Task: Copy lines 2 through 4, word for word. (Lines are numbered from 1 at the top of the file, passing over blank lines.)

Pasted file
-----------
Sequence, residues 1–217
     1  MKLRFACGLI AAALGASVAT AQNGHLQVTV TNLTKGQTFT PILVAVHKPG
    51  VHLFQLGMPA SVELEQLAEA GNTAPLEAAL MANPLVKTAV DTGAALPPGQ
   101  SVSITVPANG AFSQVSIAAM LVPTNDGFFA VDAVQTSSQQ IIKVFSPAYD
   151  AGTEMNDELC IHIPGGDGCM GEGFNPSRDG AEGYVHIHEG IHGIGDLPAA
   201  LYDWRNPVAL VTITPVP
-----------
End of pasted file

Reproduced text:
     1  MKLRFACGLI AAALGASVAT AQNGHLQVTV TNLTKGQTFT PILVAVHKPG
    51  VHLFQLGMPA SVELEQLAEA GNTAPLEAAL MANPLVKTAV DTGAALPPGQ
   101  SVSITVPANG AFSQVSIAAM LVPTNDGFFA VDAVQTSSQQ IIKVFSPAYD